American Graduate Day

Early Education

This American Graduate Day interview features Jeana Ross, Commissioner of the Alabama Department of Children’s Affairs and Calvin Moore Director of Child Care Services for Alabama DHR. They discuss the importance of education for infants and toddlers. Calvin Moore informs us about the Alabama Quality Stars program, a quality rating and improvement system created to help motivate child caregivers, daycare providers, and stay-at-home parents to improve early education methods. Jeana Ross discusses funding for early interventions for home visitation to make sure children are ready for school. If they are not ready, they may not be reading by 3rd grade, which makes them four times more likely to trop out of school in the future.

STEAM Education

On American Graduate Day we learned about STEAM Education from PBS LeanringMedia Digital Innovators Mark Coleman of Booker T. Washington Magnet High School and Holly Whit, librarian at Walnut Grove Elementary School in Madison County. STEAM Education encompasses Science, Technology, Engineering, the Arts and Math. It expands on the usual STEM by incorporating the Arts – the creative process behind advancements in technology, science, engineering and math. Holly supports the Maker Movement, which is a movement tied in with STEAM to encourage students to create using their current knowledge, resources available and mentoring. These students have access to library resources, computers, craft supplies and even 3-d printing to express an idea or experiment.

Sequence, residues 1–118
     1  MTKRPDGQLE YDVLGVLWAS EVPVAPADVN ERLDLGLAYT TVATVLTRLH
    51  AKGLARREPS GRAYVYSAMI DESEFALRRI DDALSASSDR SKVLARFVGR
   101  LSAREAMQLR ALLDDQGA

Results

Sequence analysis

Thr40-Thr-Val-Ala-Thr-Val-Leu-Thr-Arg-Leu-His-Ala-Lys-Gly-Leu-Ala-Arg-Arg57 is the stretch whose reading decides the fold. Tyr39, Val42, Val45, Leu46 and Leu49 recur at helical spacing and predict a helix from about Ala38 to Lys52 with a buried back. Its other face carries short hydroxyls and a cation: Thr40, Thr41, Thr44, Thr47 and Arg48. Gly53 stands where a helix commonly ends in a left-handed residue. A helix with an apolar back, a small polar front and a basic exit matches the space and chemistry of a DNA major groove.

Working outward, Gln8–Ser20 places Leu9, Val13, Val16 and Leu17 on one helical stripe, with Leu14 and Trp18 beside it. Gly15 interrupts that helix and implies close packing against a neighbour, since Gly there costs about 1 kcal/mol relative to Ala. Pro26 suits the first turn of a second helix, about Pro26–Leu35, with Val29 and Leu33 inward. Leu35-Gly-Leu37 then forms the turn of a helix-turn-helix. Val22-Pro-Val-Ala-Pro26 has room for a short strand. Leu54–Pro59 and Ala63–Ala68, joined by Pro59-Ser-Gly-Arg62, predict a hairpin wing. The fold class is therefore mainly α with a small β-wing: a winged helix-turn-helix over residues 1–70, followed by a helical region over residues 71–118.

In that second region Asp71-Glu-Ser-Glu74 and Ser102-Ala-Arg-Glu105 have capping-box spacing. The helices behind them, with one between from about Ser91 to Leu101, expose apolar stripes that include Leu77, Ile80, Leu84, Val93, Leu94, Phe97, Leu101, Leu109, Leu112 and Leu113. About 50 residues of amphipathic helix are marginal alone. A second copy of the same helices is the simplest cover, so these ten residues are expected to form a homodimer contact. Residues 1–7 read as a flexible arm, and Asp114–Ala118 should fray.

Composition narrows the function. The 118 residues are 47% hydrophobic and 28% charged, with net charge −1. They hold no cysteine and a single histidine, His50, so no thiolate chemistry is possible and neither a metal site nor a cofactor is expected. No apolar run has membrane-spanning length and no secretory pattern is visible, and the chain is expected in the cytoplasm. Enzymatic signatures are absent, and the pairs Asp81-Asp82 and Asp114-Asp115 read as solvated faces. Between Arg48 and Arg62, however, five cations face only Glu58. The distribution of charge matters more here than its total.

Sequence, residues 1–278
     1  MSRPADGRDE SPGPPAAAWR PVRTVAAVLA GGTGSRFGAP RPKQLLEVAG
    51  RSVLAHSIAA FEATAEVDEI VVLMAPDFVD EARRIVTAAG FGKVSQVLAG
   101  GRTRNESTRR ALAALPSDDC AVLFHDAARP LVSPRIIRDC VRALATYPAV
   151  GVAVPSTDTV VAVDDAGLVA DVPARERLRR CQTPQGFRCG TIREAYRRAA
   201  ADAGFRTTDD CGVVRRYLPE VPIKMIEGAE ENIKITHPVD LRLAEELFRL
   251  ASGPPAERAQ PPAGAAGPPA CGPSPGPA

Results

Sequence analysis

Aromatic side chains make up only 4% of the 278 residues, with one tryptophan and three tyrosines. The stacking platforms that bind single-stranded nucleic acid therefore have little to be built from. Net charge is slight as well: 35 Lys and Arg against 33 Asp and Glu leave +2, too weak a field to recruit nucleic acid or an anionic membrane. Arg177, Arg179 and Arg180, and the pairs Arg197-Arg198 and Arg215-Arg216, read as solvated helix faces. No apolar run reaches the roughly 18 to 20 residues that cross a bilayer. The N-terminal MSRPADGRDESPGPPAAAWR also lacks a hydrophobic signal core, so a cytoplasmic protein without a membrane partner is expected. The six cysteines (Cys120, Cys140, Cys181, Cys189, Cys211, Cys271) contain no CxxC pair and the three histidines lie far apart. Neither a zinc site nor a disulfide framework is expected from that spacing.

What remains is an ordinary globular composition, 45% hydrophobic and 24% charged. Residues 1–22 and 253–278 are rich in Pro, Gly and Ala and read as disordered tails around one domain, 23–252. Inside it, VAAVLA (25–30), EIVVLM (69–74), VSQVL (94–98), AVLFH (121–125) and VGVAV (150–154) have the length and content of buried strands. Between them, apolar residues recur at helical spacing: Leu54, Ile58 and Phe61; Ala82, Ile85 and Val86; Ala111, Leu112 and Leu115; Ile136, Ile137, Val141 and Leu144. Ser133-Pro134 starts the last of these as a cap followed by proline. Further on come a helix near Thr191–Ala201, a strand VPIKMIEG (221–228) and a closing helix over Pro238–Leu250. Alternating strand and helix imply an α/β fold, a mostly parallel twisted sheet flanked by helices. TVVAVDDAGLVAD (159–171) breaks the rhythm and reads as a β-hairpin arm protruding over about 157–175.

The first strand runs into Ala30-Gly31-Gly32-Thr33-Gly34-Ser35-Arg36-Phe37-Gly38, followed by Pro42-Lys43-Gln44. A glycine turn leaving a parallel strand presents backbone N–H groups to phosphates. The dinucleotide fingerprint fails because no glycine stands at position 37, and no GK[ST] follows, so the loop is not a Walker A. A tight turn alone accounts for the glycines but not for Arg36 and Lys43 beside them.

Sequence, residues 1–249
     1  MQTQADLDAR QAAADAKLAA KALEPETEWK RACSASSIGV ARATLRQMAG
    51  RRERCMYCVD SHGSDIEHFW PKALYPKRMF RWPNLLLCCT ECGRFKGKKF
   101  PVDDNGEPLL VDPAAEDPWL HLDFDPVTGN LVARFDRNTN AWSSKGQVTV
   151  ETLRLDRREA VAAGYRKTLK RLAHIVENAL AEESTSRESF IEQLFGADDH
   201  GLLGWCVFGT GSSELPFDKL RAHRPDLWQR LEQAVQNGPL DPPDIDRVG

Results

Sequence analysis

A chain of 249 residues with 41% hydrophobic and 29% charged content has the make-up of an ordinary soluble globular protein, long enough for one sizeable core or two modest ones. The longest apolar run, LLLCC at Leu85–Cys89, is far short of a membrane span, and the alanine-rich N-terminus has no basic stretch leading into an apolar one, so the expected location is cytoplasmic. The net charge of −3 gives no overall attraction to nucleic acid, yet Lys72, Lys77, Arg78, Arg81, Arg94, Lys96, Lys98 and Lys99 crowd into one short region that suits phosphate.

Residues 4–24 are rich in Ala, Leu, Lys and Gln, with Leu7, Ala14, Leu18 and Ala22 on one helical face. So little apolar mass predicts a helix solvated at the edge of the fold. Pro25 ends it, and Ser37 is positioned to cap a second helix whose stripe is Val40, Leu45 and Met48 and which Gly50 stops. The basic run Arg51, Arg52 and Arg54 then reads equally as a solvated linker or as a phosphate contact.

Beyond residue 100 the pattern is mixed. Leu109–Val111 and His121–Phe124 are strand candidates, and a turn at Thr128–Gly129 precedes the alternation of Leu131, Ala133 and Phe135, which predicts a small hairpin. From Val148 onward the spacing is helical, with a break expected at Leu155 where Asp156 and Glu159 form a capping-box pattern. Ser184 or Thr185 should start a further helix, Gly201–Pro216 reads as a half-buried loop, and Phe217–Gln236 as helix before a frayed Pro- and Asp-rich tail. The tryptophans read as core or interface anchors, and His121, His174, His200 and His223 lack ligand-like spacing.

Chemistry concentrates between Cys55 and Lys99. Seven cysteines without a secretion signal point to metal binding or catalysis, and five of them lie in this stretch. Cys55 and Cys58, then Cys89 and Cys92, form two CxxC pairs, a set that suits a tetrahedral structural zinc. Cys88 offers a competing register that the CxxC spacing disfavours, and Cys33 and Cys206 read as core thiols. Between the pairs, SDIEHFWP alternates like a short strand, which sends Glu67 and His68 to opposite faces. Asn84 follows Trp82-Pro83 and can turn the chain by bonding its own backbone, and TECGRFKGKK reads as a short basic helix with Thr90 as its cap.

Career Readiness & College Completion

In this American Graduate Day feature we learn from Stephen Cockrell, director of Woodlawn Foundation and Rosalyn Valentine, Technical Assistance Coach for EdWorks, a subsidiary of KnowledgeWorks. Stephen works with the Woodlawn Foundation, a program in which high school students are given the tools to earn up to 2 years college credit by the time they receive their high school degree. Stephen also works with the Woodlawn Innovation Network to transform teaching and learning for all schools in the Woodlawn area in Birmingham, Alabama with STEAM curriculum which is more hands on, problem based learning. Rosalyn has been working in partnership with A Plus Program and Win Innovation Network Program to improve opportunities for Birmingham City school students. The focus is an educational system where all students are expected to have 20 college credits by the time they graduate high school. University of Alabama & Lawson State partnered so that students may preview the college campus environment.

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